Data breach – employer’s liability for an employee’s wrongdoing
Employers can be liable for wrongdoing committed by an employee where there is a sufficient connection between the employment and the wrongdoing. We reported last year on a case in which the employer was found liable for an assault on a customer by an employee.
The High Court has now considered the first ever class action concerning a data breach, brought by 5,518 workers after personal details of almost 100,000 colleagues were posted on the internet.
Mr S was employed as a senior IT internal auditor. He was in a position of trust and had access to personal data about employees which was sensitive and confidential, including payroll information. The employer’s external auditors requested payroll data from the employer for audit purposes. Mr S was tasked with sending that information to the auditors. The data was contained on secure software, to which only a few employees (but not Mr S) had access. Mr S was given an encrypted USB stick containing the information which he downloaded to his work computer. He then loaded the information onto another USB stick provided by the auditors and forwarded it to them.
Mr S then copied the downloaded data from his computer onto a personal USB stick and posted it on a file sharing website. Mr S had used another employee’s details to open an account in order to post the file onto the internet.
The co-workers whose data had been disclosed brought a group civil claim against the employer for compensation for a breach of its duty under the Data Protection Act, misuse of private information and breach of confidence.
The High Court held that the employer was vicariously liable for the acts of Mr S. It took into account a number of factors. There was a seamless and continuous sequence of events that linked Mr S’s employment to his disclosure. Mr S was not only given access to data through his work, his employer deliberately entrusted him with it. In his role, he had information which was confidential or had limited circulation only. His role was to receive and store payroll data and disclose it to a third party – the fact he chose to disclose it in an unauthorised way was still closely related to what he was tasked to do. When he received the data, he was acting as an employee. The chain of events from then until he disclosed the information was unbroken. The fact that the disclosures were made from home, using his personal equipment on a non-working day, did not disengage them from his employment. The fact that Mr S was motivated by a grudge relating to earlier disciplinary proceedings did not prevent the employer being liable, particularly where the grudge was work related.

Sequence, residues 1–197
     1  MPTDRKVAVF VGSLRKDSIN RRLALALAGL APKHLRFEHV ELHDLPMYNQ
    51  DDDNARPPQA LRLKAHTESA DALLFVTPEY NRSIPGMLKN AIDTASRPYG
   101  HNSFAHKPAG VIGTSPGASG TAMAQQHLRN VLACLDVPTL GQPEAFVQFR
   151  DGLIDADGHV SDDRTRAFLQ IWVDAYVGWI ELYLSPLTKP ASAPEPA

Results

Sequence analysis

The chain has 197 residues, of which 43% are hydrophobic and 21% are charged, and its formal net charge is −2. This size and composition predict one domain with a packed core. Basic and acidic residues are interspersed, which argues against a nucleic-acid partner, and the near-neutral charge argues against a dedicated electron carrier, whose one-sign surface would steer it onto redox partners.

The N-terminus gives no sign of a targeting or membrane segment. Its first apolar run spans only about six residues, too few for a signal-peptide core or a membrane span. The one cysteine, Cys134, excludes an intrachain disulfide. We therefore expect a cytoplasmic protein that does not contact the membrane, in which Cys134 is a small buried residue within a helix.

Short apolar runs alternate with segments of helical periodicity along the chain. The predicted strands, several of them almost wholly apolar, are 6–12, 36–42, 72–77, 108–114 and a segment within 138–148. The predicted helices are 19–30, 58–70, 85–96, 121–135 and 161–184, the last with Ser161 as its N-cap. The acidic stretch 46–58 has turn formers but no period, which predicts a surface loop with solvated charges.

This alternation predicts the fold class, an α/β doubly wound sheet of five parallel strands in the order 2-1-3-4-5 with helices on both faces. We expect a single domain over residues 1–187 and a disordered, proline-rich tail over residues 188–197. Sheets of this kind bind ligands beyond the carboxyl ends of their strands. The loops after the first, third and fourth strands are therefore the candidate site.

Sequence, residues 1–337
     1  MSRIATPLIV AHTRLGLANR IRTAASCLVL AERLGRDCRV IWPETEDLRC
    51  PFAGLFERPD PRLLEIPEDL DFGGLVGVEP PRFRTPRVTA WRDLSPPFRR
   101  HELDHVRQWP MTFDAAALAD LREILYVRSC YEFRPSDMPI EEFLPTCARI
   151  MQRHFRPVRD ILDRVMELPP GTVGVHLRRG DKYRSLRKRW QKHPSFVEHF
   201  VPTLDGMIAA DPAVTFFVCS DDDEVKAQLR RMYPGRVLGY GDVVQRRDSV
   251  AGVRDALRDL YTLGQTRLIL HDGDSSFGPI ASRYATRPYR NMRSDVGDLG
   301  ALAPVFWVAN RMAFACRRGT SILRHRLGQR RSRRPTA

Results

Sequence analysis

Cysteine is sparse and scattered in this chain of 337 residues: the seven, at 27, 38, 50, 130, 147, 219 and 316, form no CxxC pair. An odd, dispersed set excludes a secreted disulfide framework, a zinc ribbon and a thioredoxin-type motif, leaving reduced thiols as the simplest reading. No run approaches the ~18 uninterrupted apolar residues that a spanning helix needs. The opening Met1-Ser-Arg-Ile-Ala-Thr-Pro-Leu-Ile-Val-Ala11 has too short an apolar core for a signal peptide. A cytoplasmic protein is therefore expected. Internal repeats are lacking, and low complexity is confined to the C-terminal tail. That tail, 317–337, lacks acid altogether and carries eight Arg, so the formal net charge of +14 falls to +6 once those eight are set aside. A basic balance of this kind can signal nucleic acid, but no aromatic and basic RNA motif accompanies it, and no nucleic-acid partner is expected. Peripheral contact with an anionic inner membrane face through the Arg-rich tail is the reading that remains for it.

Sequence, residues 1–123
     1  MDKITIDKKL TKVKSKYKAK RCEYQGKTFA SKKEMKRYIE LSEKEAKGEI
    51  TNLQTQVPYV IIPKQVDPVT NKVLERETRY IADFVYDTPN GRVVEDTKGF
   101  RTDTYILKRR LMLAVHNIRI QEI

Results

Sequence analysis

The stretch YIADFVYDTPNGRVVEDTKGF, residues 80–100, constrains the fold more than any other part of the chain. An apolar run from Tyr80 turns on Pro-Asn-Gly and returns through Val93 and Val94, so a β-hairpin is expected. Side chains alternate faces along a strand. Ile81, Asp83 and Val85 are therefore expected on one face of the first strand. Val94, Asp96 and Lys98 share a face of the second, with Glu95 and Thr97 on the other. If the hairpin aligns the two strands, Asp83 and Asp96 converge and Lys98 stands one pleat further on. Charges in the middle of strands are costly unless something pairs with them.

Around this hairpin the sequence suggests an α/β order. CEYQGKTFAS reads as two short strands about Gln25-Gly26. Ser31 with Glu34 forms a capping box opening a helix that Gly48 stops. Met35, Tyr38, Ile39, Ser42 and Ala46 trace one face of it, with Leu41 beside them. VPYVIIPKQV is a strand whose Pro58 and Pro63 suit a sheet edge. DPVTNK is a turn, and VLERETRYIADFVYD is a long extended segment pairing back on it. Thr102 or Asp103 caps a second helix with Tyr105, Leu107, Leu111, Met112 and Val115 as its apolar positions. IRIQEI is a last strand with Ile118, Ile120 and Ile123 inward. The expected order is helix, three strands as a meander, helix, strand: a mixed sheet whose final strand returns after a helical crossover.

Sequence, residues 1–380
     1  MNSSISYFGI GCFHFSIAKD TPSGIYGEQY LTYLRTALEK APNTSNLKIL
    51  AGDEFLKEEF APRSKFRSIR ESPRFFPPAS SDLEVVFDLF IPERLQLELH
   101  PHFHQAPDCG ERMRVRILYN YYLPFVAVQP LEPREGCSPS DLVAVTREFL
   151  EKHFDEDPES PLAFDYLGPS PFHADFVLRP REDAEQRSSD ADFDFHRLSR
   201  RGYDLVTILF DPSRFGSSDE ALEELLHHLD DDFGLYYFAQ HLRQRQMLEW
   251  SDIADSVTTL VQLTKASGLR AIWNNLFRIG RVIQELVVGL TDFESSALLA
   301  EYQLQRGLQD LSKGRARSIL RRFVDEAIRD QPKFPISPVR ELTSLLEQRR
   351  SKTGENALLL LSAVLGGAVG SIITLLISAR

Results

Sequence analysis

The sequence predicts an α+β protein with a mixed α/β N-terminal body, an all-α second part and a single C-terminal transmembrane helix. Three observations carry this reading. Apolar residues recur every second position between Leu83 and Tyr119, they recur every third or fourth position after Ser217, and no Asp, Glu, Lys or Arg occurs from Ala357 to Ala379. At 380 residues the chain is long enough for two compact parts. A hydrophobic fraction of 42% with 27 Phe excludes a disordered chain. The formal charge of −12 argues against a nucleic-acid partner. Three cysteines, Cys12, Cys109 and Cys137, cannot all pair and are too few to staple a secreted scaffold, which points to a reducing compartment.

There was in this case sufficient connection between the position in which Mr S was employed and his wrongful conduct to make the employer vicariously liable for Mr S’s conduct.
The employer has been granted leave to appeal so we may not have heard the last of this case. However, the High Court’s decision could cause concern for employers. The employer in this case had several measures in place to ensure the security of information, but this decision suggests that even so, an employer could be found liable for the actions of an employee misusing data even where that misuse is intended to cause reputational or financial damage.
Employers should be aware of and be preparing for the introduction of the GDPR in May 2018, which will replace the Data Protection Act. Our next employment law update, where we will consider the employment implications of the GDPR is on 23 January 2018.
Various claimants v Wm Morrisons Supermarket PLC  EWHC3113
12 December 2017
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